Generally, the Government of Kosovo has electronic data management systems that produce accurate data processing, supervision and monitoring with appropriate authority level and control, coverage of most, if not all, budget users and easy access and transparency. The Treasury operations are supported by FreeBalance, the public investment operations are in PIP (Public Investment Programme) system, the public procurement electronic portal and tax revenue administration EDI system allows access to data and information.

Allocation of resources is supported by acceptable management of assets and liabilities. However, monitoring of these does not ensure that risks are adequately identified, hence relevant management of risk mitigation measures cannot be made. Public investments do not provide value-for-money and asset maintenance is not comprehensive nor covering all Government owned assets. The fiscal risks for the operations of public corporations are monitored and reported but later than international practice.

There are verifiable macroeconomic and fiscal projections to support the development of a predictable and sustainable fiscal strategy contributing to an aggregate fiscal discipline. The fiscal strategy is clear and alignment with fiscal targets supports budget policy decisions. The medium-term budgeting underpins aggregate fiscal discipline by establishing forward year estimates that provide the baseline for future budget ceilings and allocations but only for the next year Budget discipline and efficient allocation of resources is demonstrated by the Government providing information on revenues with a clear understanding of their rights and obligations as well as procedures in seeking redress. Control mechanisms are in place to enforce compliance against well-planned and implemented compliance improvement action plans. This contributes to additional collection of revenue that is to be distributed through allocation to budget users for services delivered to the public.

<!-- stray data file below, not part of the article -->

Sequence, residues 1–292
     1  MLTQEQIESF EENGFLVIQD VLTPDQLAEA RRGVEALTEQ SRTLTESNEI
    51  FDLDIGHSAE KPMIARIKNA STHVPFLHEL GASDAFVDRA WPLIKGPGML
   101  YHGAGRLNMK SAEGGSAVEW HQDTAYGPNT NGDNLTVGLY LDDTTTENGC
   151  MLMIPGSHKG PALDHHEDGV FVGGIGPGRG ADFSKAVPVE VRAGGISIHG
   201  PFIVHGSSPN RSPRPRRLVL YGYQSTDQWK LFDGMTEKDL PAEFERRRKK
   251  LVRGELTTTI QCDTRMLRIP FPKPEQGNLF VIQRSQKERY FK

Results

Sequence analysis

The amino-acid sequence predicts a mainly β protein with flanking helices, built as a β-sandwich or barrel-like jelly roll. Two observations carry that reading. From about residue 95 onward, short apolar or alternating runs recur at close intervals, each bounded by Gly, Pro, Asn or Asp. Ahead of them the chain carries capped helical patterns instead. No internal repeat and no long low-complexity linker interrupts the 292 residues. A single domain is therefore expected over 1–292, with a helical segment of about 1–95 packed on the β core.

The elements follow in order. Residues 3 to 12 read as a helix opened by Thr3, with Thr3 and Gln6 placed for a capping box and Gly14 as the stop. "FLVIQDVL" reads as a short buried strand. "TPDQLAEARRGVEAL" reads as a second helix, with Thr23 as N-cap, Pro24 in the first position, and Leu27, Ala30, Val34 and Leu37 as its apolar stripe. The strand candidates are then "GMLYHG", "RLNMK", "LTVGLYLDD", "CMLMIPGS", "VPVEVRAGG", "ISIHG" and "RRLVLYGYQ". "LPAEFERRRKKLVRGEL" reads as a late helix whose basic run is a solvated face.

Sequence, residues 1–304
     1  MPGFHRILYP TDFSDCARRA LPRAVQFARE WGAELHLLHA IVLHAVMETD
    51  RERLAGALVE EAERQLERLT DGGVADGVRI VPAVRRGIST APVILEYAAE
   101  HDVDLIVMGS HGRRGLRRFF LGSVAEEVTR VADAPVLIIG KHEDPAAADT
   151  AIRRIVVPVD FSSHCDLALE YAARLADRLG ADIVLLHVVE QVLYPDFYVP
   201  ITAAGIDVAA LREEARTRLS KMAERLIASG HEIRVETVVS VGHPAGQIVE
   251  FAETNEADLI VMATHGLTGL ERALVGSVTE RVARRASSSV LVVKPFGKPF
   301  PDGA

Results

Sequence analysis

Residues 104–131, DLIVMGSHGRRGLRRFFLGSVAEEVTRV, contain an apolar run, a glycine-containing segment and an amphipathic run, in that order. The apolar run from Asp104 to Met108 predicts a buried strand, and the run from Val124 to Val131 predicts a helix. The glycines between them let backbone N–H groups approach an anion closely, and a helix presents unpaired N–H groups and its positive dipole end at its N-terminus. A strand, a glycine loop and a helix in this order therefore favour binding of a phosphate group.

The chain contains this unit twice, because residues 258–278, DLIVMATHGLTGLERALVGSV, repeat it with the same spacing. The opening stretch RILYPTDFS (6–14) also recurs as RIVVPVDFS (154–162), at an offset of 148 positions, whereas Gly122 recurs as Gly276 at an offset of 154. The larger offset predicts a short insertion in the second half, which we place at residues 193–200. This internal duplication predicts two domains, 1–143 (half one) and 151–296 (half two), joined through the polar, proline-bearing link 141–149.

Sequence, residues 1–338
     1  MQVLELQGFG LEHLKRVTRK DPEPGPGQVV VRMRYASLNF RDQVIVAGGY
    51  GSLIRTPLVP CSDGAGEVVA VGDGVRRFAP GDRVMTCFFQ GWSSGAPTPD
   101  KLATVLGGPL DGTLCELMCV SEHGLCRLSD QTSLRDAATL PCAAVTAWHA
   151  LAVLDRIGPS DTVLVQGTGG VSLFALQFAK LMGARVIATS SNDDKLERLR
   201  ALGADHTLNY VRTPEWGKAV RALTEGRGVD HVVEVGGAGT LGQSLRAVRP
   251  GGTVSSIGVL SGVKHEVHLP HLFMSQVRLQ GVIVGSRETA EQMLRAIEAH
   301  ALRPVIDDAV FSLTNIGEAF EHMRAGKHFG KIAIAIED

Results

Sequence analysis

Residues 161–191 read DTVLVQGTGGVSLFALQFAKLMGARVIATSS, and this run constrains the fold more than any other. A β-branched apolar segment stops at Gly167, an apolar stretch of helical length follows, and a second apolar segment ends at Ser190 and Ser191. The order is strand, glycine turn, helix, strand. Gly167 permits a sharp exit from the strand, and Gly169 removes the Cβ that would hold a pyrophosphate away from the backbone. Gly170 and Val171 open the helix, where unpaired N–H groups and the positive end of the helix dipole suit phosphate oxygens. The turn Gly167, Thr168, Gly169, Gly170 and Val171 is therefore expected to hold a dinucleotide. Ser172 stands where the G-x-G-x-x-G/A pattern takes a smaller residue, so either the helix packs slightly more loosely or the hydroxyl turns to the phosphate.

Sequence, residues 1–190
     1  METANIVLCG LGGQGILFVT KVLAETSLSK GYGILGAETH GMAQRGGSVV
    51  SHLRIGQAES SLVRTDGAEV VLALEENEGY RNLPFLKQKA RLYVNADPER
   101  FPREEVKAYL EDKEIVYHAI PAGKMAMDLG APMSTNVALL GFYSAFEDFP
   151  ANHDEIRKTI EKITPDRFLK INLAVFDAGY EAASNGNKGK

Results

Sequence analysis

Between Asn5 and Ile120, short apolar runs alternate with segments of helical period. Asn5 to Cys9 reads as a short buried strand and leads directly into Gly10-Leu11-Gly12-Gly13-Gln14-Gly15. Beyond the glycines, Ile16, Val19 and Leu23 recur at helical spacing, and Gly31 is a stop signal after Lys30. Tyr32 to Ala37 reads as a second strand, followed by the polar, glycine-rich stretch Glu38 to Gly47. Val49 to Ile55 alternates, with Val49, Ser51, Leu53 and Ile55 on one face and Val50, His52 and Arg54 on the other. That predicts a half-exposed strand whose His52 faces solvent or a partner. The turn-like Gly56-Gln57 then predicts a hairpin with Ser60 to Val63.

Budget credibility is enhanced by predictable and controlled budget implementation ensuring that revenue is collected, and resources are allocated and used as intended by government and approved by the legislature. Resources are available for effective management of public investment programmes. There are strong and rigorously applied procedures for recording and reporting revenue collections, consolidating revenues collected, and reconciling all revenue accounts.

Resources are allocated as intended by having reliable information available to budgetary organisation on ceilings for expenditure commitment allowing them to plan their commitments in advance. This predictability of available funds for commitment facilitates planning of activities and procurement of inputs for effective service delivery in implementation of plans. Reliable service delivery is also supported by a transparent procurement system focused on competitive tender procedures. The procurement information is fully available to the public and reliable being audited annually by the National Audit Office. The legal framework has been consistently improving, stipulating clear and appropriate procedures, accountability, and controls.

Resources are allocated as intended and through KFMIS they are controlled and used only for the authorized and committed purposes. Established internal control procedures contribute to effective internal control system. There are some concerns regarding data accuracy with regard to misclassification of expenditure, but this does not undermine the financial data integrity. All budget data in the STA are presented in the annual financial statements. They are complete, timely, and consistent with IPSAS cash basis accounting principles and standards.